My strong view is that because public indebtedness increased partly due to the recapitalisation of the banks in which the State has investments, the appropriate way to treat one-off revenue from divesting the State of its banking assets would be to use such proceeds for debt reduction. Such disposals would also help to contain contingent liabilities for the State. This view has been endorsed by a number of outside institutions, including the IMF as part of its most recent Article IV review of Ireland. Furthermore, the Government does not believe the State should own and support banks when the capital markets are capable of providing this function and willing to do so. Equity investments in any sector are risky propositions. The State’s resources are better allocated to more appropriate areas. In addition, reducing the State’s shareholdings will help to foster greater competition in the banking sector. It is difficult to encourage new entrants when the State is seen as owning large elements of the banking sector. The sale of a significant shareholding in AIB is important to convey the message to investors that the State does not want to interfere in the operation of banks or to retain these investments indefinitely.

Question No. 19 relates specifically to the possibility of a Dáil vote. The programme for Government allows for the sale of not more than 25% of any bank before the end of 2018, plus any over-allotment option. As I said previously, I am committed to keeping Members of the House informed on the process and, ultimately, of any decision made in due course. I have not yet made a decision to proceed with a sale of shares in AIB. In order to proceed with an initial public offering, I would need to be satisfied that the market was prepared to put a fair and reasonable value on the bank's equity, bearing in mind its current performance, future prospects and the outlook for the economy. I would do so on the advice of officials in the Department of Finance and our financial advisers. The State's shareholding in AIB is held in the Ireland Strategic Investment Fund's directed portfolio. If I were to decide to take any action on the State's shareholding in AIB, I would write to the fund and direct it accordingly.

I would like to make a further comment that does not relate to banking policy. I have previously acknowledged the need for increased public investment.  The current capital plan sets a baseline from which the Government intends to increase investment in critical infrastructure and in areas such as housing and health services, as the Deputy identified, into the future.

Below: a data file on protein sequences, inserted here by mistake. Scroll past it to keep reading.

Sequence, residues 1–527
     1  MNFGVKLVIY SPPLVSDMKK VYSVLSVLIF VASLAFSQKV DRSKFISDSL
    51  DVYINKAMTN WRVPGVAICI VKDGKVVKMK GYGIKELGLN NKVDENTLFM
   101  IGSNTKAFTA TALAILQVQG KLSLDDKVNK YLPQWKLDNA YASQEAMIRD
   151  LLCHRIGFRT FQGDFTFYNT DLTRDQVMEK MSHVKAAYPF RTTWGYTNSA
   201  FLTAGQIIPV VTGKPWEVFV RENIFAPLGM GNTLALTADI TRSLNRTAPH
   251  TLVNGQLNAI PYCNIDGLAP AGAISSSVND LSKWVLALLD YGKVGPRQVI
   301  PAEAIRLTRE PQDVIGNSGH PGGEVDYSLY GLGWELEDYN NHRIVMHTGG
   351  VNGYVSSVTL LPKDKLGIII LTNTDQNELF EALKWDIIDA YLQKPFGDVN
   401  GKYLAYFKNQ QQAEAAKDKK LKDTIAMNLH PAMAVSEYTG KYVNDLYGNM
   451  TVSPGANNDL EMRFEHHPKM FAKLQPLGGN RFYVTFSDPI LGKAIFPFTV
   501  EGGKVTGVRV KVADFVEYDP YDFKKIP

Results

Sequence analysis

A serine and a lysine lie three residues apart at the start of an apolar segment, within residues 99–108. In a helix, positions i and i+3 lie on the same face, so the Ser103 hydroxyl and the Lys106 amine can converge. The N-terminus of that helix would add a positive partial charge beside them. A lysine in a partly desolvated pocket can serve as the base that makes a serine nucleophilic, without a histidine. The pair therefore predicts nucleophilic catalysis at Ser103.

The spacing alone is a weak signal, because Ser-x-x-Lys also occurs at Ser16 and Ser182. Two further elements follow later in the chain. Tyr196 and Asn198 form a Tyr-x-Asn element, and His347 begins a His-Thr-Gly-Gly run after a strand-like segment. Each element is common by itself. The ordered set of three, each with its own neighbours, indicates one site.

As outlined in the 2017 Estimates, gross voted capital expenditure will increase to €4.5 billion in 2017. This represents an increase of almost €400 million in comparison to the 2016 outturn. By 2021, it is envisaged that gross voted capital expenditure will reach €7.3 billion, an increase of over 100% in comparison to its level in 2014. Based on my Department's gross national product, GNP, forecasts, Ireland's Exchequer public investment will reach 2.7% of GNP by 2021. These increases in investment in the coming years will be allocated to identified priorities on the basis of the outcome of the review of the capital plan under way.

The result of the vote earlier has not changed anything in terms of a reply I received previously on this matter. What I am seeking is a cost-benefit analysis and that the Dáil be the final arbiter in voting on this issue. It was the people who took on board the cost of bailing out the bank which is 99.9% owned by the State. Whether it is to be sold, we need to see a cost-benefit analysis and to be convinced in that respect. As the Minister knows, we can often save money by spending money. We will spend a great deal of money on fines, for example, because we are not investing in public transport. It is costing a good deal of money in having very unsatisfactory arrangements for housing provision because we are dealing with a crisis. We are at the point where AIB is producing a dividend which, I understand, can be spent on, for example, capital projects. If we were to sell a portion of AIB to pay debt, the difference would be negligible in servicing the debt. I do not understand the rationale for doing so.

I will make two points. In terms of the general government debt balance under EUROSTAT rules, selling AIB shares would not make a difference because we hold the asset in shares. When one sells it, one holds it in cash, but it has the same value and it is the same amount. It would not give us the freedom to spend under EUROSTAT rules. Therefore, if we were to spend, we would be in breach of the fiscal rules in general. It is due to the fact that this type of disposal is clarified as a financial transaction, whereas essentially it is the exchange of an asset in one form such as shares, equities and loans for another, namely, cash. Consequently, the shareholding in AIB would not count as general government revenue. When it comes to investing in infrastructure, it is a not a shortage of cash that is inhibiting additional investment in infrastructure but the fact that we have reached the ceiling under the fiscal rules. The issue is our capacity legally to spend additional moneys or capital, not the availability of cash. Therefore, the sale of AIB is irrelevant to the argument. We can borrow money very cheaply on any day of the week from the markets through the National Treasury Management Agency, NTMA, but we are not allowed to spend it if we have already used up the fiscal space available. We are exploring the possibility of funding quite a lot of infrastructure off balance sheet. We are in discussions with the European Investment Bank to see if we can achieve this objective.